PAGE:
A Strategic Approach to Decision Making

A Strategic Approach to Decision Making

Johnny R. O'Connor Jr. (Lamar University, USA)
Copyright: © 2017 |Pages: 11
DOI: 10.4018/978-1-5225-1049-9.ch088
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Abstract

This chapter seeks to inform the reader as it relates to strategic decision making and its inherent influence on strategic leadership, offering insights on the implications, barriers, and related outcomes embedded within this multifaceted process. Decision-making is often a key responsibility of a strategic leader, and requires careful thought and facilitation, in order to ensure maximum benefit and outcomes. Specifically, effective strategic decision-making is a multi-dimensional approach that includes collaboration with key stakeholders both internal and external to the organization. The use of strategic decision-making throughout an organization can assist in the establishment of a strategic culture that is cognizant of the impact of focused decision-making, on the direction and needs of the organization.
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Background

Strategic Decision Making

Decision-making manifests itself in a variety of ways in all organizations (Bowen & Bowen, 2016). In fact, its importance to the overall operation within a business has been well documented in the literature (Hoy & Tarter, 2010). Strategic decisions among top leadership is said to influence organizational performance (Hurt & Abebe, 2015). According to Surma (2010), “Strategic decisions relate to actions with long-term consequences which help build competitive advantage on the market, successfully exploit the company’s primary resources and capabilities and are internally coherent” (p. 1015). In essence, high-level organizational leaders who have the authority to set or direct change are often the facilitators of strategic decision-making. In many cases, these decisions influence organizations on many different levels (Mitchell, Shephered, & Sharfman, 2011). Leaders often find themselves faced with critical decisions that have long-term implications on their organization (Daft & Marcic, 2011).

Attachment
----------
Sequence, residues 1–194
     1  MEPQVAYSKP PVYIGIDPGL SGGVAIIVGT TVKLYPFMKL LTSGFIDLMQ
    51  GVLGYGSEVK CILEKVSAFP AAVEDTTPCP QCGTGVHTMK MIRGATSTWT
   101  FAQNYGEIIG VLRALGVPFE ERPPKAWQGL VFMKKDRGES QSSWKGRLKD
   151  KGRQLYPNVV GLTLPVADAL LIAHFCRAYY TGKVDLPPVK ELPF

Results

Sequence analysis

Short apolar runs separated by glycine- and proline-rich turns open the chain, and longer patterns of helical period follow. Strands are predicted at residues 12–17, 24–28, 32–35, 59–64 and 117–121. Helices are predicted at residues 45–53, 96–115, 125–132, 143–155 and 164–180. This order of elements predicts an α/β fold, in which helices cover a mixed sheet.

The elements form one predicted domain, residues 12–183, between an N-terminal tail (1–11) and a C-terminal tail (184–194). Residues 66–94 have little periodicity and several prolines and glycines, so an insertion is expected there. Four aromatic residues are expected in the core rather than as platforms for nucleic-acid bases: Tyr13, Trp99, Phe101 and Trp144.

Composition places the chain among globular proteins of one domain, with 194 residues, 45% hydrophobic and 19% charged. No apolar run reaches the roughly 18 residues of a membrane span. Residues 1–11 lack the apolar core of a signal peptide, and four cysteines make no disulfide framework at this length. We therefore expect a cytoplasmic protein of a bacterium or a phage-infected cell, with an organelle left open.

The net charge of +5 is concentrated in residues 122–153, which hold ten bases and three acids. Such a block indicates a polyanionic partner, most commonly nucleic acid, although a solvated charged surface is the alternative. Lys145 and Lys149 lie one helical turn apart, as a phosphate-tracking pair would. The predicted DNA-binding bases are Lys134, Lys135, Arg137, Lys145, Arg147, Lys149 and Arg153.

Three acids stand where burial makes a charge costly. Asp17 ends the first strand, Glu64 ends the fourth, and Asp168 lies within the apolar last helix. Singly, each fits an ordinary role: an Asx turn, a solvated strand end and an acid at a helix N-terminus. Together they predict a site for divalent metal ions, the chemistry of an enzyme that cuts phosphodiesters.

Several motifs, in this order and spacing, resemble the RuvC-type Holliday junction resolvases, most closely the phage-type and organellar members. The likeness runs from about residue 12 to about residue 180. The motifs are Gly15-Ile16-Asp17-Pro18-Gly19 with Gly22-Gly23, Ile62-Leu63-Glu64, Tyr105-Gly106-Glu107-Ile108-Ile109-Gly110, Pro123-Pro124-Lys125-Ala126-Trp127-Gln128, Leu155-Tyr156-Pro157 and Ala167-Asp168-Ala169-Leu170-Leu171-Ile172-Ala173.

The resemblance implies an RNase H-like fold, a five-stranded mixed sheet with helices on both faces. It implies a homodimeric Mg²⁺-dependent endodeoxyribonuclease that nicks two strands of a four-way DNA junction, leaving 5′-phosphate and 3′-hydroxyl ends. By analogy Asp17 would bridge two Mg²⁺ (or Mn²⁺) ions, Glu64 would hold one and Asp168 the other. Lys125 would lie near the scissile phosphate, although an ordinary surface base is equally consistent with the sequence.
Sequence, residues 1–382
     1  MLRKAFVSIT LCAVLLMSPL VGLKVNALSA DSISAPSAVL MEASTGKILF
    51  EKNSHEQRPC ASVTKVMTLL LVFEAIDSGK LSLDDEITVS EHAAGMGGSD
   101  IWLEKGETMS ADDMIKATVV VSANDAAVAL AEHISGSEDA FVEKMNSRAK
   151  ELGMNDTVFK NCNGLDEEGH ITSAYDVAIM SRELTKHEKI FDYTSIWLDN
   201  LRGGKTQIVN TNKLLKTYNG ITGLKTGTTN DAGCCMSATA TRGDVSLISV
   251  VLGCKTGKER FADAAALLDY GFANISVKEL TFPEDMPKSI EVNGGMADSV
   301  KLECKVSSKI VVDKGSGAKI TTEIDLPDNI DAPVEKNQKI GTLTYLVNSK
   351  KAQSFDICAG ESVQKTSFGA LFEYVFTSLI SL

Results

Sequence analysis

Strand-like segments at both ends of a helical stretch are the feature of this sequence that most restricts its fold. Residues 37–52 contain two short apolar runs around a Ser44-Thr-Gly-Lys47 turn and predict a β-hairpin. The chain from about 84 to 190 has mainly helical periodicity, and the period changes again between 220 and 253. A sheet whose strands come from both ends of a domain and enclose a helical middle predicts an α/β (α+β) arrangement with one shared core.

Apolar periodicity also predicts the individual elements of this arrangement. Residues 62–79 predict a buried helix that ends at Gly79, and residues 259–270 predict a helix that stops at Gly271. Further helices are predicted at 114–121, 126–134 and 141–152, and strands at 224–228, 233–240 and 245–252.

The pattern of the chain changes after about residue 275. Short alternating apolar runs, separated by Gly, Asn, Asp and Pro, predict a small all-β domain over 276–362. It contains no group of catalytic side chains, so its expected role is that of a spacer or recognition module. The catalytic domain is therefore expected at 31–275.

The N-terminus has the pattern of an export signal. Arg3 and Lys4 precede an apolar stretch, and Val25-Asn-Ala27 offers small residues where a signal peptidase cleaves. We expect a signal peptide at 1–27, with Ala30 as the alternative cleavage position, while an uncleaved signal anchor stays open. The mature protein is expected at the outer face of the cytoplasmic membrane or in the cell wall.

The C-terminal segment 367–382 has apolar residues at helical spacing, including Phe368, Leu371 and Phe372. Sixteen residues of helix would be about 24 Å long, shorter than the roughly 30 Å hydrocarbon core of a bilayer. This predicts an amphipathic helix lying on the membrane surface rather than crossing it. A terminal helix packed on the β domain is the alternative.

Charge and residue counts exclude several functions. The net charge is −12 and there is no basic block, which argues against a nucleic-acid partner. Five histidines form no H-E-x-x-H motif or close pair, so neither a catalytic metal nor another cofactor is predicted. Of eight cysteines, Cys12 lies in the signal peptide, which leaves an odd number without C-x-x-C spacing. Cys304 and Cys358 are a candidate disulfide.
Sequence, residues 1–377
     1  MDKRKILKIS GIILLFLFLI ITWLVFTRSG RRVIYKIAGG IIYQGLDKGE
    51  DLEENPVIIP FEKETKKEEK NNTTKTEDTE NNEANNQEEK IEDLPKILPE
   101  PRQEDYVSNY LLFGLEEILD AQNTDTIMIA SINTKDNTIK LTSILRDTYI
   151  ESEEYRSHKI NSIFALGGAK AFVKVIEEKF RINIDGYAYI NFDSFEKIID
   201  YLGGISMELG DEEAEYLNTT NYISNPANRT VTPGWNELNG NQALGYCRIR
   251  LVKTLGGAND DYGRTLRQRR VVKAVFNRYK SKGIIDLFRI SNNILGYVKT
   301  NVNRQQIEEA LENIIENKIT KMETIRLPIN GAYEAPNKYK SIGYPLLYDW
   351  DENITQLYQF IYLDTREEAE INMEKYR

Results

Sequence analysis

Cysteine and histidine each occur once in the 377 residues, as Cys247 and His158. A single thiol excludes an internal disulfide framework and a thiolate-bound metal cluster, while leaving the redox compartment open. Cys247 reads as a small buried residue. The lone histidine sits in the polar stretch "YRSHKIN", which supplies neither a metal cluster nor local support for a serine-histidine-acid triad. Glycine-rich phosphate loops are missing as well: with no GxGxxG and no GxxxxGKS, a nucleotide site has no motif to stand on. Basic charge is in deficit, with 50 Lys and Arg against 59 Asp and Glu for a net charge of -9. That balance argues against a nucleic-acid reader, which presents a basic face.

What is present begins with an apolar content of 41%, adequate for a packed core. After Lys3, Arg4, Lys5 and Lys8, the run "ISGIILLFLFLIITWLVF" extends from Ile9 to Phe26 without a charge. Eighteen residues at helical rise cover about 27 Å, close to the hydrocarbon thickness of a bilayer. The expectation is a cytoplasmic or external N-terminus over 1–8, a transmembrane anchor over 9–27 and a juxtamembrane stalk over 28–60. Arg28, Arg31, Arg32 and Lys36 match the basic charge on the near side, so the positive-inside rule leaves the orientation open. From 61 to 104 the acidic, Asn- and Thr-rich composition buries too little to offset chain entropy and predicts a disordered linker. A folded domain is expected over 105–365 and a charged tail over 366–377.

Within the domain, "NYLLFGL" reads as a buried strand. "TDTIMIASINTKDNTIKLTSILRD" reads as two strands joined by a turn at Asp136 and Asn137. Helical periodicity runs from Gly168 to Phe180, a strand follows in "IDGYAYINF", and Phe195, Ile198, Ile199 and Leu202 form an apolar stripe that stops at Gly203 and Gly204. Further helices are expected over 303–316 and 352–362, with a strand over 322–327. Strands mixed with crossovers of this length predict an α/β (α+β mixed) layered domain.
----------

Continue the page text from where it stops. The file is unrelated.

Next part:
The process of strategic decision-making requires a holistic approach to thinking, which includes, viewing problems from a “big picture” perspective, and understanding all of the pieces to the puzzle, before making a final determination (Batra, Kaushik, & Kalia, 2010). This approach to strategic decision-making assists leaders in avoiding any “hidden traps”, which are often biased by our individual thoughts and perspectives (Hammond, Keeney, & Howard, 2006).

Key Terms in this Chapter

Strategic Thinker: An individual with the ability to deliberately process information from a long-term perspective, while recognizing its impact on outcomes.

Strategic Agility: The ability to be flexible in long-term organizational strategy.

Decision-Making Barriers: Obstacles that impede the ability to efficiently make decisions.

Strategic Leader: A leader who is future focused in building long-term organizational stability.

Strategic Decision-Making Culture: An organization’s ability to utilize the concepts of strategic decision-making throughout an organization.

Information Overload: Excess amounts of information in decision-making that impede the decision-making process.

Strategic Decision-Making: The process of complex problem solving to resolve a specific short-term or long-term issue.

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